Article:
A New Covenant (Hebrews, Part 1)
The letter to the Hebrews is one of the least preached, and therefore least understood books in the Bible. This is hardly surprising given that Hebrews is steeped in the obscure traditions of the Old Covenant liturgy and typology. Nevertheless, it emphasises the centrality of Christ and his death and resurrection to our faith.
The essential message of Hebrews is quite simply that the Old Covenant is fulfilled in the person of Christ who has established the New Covenant. The writer explains how Jesus Christ is greater than Moses and the prophets; how he out-ranks the angels and the priesthood of Aaron, and how he supersedes the entire Old Covenant law and culture. However, Jesus does not simply abolish and cast aside all these things; rather he fulfils and completes them. Jesus is not just another prophet who points us to God—he is God. He is not merely a priestly representative representing us to God—he is the intersection of divine and human life. Whatever reason the Old Covenant worshippers had for confidence; in Christ we have more.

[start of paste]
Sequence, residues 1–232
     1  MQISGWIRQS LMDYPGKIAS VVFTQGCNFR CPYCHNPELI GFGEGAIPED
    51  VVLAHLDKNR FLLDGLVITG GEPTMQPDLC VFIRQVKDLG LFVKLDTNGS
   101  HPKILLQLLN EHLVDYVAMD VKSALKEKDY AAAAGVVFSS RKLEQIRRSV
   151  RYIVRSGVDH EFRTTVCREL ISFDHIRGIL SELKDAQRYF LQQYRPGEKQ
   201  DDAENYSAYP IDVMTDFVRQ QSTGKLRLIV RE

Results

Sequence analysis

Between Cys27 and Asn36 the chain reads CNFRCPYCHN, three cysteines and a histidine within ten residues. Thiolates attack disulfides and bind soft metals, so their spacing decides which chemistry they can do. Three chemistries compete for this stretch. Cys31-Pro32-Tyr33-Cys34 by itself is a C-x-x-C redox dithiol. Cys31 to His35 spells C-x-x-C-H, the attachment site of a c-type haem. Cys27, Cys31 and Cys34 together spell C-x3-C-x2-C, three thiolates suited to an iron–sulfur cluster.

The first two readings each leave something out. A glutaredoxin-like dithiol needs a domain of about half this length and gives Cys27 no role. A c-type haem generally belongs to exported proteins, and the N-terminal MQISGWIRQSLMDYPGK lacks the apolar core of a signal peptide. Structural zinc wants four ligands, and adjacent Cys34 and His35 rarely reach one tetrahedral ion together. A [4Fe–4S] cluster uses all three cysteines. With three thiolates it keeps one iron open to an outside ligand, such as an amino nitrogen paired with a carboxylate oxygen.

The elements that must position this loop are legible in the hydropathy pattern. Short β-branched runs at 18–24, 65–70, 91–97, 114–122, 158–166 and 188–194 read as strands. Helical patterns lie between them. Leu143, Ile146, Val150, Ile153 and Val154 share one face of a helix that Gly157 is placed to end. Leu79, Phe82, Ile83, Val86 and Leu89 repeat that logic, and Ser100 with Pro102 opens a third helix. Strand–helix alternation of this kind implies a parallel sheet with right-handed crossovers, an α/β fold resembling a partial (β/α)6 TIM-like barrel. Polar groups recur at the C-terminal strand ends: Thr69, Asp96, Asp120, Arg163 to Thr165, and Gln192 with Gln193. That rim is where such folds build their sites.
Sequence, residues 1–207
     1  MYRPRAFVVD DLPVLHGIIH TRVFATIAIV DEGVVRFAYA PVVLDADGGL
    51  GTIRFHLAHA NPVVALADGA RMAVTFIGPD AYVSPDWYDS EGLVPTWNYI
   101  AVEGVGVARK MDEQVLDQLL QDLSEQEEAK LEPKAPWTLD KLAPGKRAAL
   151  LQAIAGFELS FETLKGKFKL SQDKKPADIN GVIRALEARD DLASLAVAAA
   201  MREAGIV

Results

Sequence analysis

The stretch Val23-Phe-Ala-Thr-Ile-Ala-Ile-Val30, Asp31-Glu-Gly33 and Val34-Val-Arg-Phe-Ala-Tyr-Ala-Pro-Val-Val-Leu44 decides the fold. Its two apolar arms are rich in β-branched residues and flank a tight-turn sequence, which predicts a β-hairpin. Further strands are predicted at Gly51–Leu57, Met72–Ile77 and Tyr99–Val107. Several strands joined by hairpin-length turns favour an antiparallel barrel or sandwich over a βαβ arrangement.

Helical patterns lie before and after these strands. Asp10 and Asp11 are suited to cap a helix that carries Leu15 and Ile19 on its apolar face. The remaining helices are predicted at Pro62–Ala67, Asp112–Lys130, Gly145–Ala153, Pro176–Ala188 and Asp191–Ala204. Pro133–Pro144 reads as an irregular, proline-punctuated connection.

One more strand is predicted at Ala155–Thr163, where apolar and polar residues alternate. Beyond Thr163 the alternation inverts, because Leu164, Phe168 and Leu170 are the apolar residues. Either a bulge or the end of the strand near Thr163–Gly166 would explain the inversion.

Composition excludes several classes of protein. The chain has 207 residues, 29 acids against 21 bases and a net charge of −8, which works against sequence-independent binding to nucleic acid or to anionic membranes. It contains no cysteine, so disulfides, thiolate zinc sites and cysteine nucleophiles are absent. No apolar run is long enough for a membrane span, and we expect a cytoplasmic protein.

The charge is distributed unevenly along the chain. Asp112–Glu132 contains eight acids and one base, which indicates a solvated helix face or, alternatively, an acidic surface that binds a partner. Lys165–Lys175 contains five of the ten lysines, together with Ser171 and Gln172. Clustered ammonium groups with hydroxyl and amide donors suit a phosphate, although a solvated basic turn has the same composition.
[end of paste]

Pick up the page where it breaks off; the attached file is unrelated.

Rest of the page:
Yet so often the church has fallen back into the well-worn wheel ruts of the Old Covenant. It is as instinctive as breathing to lapse into old forms of religious piety that separates God and humanity—that keeps God at a manageable arm’s length—that makes worship an external exercise. The writer to the Hebrews won’t have it thus. He makes it perfectly clear that there is now a new priest and leader of our worship—Christ himself. God and humanity are now forever connected; God is in the room with us—inside us and us in Him—our ethical response works from inside out.
Worship is now something we join in Christ, not initiate in ourselves. This affects every aspect of our worship. In Christ we get to participate in the life and love between the Father and the Son in the fellowship of the Holy Spirit. Worship is no longer a us reaching up to God, it is a celebration of God who has reached out and touched humanity in the body of Jesus Christ. This changes everything and that ‘everything changed’ is what the writer to the Hebrews was attempting to communicate.